Fig. 4
figure 4

Exo-S inhibited shoulder stiffness in vivo. A Typical picture of joint capsule on HE and Masson staining (bar = 200 or 100 μm), as well as immunofluorescent staining for Col 1 and α-SMA (bar = 50 μm). Red arrow indicated nucleus, yellow line indicated the borders of joint capsule; B The quantification of capsule thickness among different groups; C Cell counts per 25 μm*25 μm; D passive ROM of the index shoulders; E and F Quantification of α-SMA and Col 1 in capsule samples. 1: group Control; 2: group Model; 3: group Model + Exolow; 4: group Model + Exohigh. *: P < 0.05 compared to group Control; ***: P < 0.001 compared to group Control; ****: P < 0.0001 compared to group Control; #: P < 0.05 compared to group Model; ##: P < 0.01 compared to group Model; ###: P < 0.001 compared to group Model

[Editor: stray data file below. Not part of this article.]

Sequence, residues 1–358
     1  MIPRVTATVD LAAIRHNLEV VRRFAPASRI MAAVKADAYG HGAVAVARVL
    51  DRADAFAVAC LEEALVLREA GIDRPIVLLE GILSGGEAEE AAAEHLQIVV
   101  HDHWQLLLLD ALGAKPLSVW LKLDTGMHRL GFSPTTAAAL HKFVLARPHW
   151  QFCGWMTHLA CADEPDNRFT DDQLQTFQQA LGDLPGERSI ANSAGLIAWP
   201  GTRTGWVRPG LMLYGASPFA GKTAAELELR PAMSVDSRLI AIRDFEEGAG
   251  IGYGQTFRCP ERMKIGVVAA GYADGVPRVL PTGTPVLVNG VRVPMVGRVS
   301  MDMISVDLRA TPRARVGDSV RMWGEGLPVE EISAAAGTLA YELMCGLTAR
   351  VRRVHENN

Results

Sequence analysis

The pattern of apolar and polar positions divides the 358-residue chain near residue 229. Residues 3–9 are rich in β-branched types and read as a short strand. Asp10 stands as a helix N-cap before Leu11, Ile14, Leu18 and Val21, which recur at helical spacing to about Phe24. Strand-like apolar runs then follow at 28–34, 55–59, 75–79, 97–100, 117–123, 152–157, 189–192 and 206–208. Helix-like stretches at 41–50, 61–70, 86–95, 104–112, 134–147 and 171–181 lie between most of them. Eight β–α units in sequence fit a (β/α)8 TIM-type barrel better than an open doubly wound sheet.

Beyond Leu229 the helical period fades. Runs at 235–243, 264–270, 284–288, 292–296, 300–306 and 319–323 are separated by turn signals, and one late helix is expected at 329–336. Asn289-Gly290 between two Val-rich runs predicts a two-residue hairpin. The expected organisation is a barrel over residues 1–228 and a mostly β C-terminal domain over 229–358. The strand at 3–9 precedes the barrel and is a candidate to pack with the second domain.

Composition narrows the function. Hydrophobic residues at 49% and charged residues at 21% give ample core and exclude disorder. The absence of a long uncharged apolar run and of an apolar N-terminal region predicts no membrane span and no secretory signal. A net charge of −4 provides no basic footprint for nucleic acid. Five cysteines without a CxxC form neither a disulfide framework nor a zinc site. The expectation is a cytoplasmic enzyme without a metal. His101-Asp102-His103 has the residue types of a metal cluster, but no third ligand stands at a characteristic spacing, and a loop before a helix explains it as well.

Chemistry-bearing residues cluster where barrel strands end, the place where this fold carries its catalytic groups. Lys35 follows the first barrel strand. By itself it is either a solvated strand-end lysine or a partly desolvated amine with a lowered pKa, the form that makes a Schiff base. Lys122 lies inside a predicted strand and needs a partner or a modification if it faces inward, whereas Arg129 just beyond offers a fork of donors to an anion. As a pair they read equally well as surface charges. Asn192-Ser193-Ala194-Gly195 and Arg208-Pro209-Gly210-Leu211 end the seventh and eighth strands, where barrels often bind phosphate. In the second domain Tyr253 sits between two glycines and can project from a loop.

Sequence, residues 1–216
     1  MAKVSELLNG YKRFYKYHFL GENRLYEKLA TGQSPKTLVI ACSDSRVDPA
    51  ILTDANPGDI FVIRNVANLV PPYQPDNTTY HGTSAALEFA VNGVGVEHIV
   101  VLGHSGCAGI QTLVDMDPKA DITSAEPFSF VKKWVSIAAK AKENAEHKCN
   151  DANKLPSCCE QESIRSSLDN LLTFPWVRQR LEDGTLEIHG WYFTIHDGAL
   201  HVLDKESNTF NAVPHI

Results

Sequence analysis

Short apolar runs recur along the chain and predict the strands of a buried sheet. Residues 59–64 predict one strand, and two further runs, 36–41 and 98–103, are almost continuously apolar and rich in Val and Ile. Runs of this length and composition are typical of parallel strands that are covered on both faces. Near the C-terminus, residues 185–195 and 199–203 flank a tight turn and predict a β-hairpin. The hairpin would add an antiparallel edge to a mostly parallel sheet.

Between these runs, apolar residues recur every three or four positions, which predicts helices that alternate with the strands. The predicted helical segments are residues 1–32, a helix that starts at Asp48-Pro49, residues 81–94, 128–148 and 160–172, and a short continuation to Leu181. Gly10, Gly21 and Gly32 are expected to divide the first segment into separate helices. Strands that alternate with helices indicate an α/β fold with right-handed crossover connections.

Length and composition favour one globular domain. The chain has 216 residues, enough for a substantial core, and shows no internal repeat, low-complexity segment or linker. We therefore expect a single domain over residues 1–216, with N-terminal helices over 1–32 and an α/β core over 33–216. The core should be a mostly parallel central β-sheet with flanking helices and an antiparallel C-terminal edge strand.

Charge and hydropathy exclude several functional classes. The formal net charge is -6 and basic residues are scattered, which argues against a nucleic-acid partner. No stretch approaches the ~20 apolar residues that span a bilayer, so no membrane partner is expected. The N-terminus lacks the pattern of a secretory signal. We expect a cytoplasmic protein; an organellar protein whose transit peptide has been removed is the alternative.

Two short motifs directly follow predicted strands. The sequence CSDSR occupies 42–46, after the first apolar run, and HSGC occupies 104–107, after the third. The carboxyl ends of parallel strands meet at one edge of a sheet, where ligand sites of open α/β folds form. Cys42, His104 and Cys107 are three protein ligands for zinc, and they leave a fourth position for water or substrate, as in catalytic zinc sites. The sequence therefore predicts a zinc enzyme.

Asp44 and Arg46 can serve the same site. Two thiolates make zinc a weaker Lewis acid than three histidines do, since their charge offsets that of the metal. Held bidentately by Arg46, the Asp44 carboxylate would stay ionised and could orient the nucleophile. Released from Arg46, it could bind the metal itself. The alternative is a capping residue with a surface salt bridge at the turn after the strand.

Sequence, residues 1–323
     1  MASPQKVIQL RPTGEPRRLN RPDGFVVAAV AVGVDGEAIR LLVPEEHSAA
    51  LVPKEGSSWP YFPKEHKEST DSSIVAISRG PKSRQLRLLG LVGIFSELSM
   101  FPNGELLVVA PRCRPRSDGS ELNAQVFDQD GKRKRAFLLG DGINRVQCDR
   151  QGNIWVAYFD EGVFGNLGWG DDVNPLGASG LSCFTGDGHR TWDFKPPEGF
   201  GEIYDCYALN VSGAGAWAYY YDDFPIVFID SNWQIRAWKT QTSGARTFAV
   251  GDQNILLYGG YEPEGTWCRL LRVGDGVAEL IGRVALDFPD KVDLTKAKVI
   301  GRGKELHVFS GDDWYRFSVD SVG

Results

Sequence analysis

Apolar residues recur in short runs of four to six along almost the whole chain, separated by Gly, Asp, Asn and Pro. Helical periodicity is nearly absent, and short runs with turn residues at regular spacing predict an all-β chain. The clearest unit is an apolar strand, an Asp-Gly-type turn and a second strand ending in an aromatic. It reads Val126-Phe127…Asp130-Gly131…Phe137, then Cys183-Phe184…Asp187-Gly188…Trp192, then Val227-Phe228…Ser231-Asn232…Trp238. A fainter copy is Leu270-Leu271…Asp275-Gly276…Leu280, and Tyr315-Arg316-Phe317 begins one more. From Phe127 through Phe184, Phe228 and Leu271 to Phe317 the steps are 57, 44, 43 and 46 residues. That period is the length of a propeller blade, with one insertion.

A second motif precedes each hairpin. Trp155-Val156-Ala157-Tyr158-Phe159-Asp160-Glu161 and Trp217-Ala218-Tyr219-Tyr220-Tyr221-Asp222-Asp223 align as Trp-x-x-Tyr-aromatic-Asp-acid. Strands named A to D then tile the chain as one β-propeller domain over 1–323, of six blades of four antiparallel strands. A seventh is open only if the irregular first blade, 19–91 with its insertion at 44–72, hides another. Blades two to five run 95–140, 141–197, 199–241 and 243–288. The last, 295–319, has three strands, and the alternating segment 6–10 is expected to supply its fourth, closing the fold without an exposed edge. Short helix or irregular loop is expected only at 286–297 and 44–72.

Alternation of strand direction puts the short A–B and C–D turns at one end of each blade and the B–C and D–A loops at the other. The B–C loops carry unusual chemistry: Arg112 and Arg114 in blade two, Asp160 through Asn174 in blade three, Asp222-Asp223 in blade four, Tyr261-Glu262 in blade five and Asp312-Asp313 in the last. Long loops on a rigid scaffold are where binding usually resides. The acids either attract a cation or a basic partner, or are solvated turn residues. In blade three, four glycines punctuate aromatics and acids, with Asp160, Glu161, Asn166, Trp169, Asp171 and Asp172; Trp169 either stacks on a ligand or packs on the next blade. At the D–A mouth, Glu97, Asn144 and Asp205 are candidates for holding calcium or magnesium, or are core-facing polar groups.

miR-142 was significantly up-regulated in circulating exosomes from RCT patients with adhesive capsulitis

Next, exosomal miRNAs sequencing was conducted between Exo-S and Exo-NS (GSE182896). Four miRNAs were significantly up-regulated in Exo-S compared to Exo-NS, i.e., miR-7–1-3p, miR-4488, miR-142-3p, and miR-122-5p (Fig. 5A). qPCR analysis verified that, compared to that of Exo-NS, miR-142 and miR-122 were significantly up-regulated in Exo-S (Fig. 5B).

Fig. 5
figure 5

miRNAs expression profile in Exo-S compared to Exo-NS. A Volcano plot showed miRNAs of differential expression between Exo-S and Exo-NS. Red: up-regulated expression; B qPCR verification of miRNAs of interest; C GO enrichment for miR-142; D Bubble plot of KEGG enrichment for miR-142; E GO enrichment analysis for miR-122; F Bubble plot of KEGG enrichment for miR-122. ***: P < 0.001 compared to group NS